Many older Americans inaccurately estimate their chances of developing dementia and do useless things to prevent it, new research suggests.
Almost half of adults surveyed believed they were likely to develop dementia. The results suggest many didn’t understand the connection between physical health and brain health and how race can affect dementia risk.
Substantial numbers of people who rated their health as fair or poor thought their dementia chances were low. At the same time, many who said they were in excellent health said they were likely to develop the memory-robbing disease.
Many said they tried at least one of four unproven memory-protecting methods, including taking supplements like fish oil and ginkgo. The most popular strategy was doing crossword puzzles.
Mental stimulation is thought to help prevent dementia, but there’s stronger evidence for more challenging activities than puzzles — things like playing chess, taking a class, and reading about unfamiliar topics, said Keith Fargo, who oversees research and outreach programs at the Alzheimer’s Association. He was not involved in the study.
Research has shown that regular exercise, a good diet, limiting alcohol and not smoking make dementia less likely. Supplements have not been shown to help.
“We really haven’t done a good job of getting the word out that there really are things you can do to lower your risk,” said Dr. Donovan Maust, the study’s lead author and a geriatric psychiatrist at the University of Michigan.
The study was published online Friday in JAMA Neurology. It’s based on a nationally representative health survey of 1,000 adults aged 50 to 64.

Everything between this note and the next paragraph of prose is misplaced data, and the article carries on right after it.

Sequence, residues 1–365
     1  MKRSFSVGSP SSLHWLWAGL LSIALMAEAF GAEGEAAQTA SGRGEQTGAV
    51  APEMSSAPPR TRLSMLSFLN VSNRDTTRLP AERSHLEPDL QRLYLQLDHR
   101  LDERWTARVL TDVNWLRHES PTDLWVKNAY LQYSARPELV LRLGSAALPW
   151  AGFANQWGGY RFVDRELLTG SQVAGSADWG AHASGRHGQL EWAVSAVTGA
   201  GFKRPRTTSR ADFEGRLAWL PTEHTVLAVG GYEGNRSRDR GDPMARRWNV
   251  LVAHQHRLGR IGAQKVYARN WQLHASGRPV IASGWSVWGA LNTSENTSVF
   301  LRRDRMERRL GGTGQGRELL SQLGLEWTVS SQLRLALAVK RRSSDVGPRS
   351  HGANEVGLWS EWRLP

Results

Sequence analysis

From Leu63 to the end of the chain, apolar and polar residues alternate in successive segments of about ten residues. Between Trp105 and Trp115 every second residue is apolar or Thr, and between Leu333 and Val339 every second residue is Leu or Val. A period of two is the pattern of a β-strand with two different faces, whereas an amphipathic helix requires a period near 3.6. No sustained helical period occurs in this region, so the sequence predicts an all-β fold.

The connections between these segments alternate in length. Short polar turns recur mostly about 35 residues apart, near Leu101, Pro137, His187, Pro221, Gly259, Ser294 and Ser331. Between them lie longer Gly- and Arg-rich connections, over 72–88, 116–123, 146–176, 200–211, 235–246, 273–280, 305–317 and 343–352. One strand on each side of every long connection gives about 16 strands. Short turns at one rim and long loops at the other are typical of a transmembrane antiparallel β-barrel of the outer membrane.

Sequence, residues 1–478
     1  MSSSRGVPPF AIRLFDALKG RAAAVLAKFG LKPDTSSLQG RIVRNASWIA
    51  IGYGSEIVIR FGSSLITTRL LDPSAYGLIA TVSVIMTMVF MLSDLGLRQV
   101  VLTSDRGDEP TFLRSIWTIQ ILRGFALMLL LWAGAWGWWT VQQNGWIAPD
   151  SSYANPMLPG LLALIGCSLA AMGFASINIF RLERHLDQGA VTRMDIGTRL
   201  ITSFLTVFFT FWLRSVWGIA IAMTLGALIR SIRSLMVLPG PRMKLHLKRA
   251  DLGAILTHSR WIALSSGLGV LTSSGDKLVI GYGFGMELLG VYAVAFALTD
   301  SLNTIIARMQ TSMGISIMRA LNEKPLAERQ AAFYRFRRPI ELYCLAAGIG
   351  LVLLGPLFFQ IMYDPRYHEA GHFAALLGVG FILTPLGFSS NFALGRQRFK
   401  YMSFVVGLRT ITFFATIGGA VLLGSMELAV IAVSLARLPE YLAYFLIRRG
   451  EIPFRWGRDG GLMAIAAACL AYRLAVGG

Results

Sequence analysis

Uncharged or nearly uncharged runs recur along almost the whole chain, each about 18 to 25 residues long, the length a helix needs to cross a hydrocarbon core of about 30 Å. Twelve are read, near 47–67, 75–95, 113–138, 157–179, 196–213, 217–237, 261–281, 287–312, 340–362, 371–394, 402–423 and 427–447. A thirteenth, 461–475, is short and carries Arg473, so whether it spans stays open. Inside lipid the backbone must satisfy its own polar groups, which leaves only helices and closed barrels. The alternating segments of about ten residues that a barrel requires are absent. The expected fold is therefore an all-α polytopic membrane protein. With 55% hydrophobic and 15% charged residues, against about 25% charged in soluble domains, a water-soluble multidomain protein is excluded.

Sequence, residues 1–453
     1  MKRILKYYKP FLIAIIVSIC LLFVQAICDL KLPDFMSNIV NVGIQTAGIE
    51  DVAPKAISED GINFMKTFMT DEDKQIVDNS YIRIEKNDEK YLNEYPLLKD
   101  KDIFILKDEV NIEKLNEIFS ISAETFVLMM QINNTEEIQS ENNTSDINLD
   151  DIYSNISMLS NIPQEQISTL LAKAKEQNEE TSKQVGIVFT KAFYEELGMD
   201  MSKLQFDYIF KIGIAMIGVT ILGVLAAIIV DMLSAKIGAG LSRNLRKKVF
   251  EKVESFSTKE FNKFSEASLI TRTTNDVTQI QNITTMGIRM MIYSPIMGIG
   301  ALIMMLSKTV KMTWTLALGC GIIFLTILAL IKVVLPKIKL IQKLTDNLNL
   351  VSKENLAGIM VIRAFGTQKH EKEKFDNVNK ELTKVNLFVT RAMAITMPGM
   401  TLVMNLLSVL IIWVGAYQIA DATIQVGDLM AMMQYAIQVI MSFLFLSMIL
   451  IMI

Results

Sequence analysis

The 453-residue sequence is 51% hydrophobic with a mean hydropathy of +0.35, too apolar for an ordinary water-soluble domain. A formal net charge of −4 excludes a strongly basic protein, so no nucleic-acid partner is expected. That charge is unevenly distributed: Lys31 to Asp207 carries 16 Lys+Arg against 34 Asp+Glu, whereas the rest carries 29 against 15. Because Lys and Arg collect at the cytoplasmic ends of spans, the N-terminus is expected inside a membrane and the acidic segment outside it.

The survey asked people to assess their likelihood of developing dementia and whether they had ever discussed ways to prevent it with their doctor. Few people said they had, regardless of their self-rated risk for dementia.
The results raise concerns because there are things doctors can do to help people manage conditions such as high blood pressure and diabetes that have been linked with dementia risk, Maust said.
Among those who said their physical health was only fair or poor, 40 per cent thought they were at low risk for Alzheimer’s disease or other dementia. Almost the same portion rated their chances as likely even though they reported very good or excellent physical health.
More white people than Black or Hispanic people surveyed believed they were likely to develop dementia and almost two-thirds of Black respondents said they were unlikely. Only 93 Black adults were surveyed, making it difficult to generalize those results. But U.S. minorities face higher risks for dementia than white people — Black adults face double the risk — and the Alzheimer’s group has programs in Black and Hispanic communities.
“There’s lots of work to do … to educate the public so they can take some actions to protect themselves,” Fargo said.
One in three seniors die with Alzheimer’s or other dementias, according to the Alzheimer’s Association. While there are no medicines or medical treatments proven to prevent it, rigorous European studies have shown that healthy lifestyles may help prevent mental decline. The Alzheimer’s Association is sponsoring similar U.S. research.
The new study used data from the University of Michigan National Poll on Healthy Aging. Adults were surveyed online in October 2018. Funding came from AARP, the University of Michigan health system and U.S. government grants.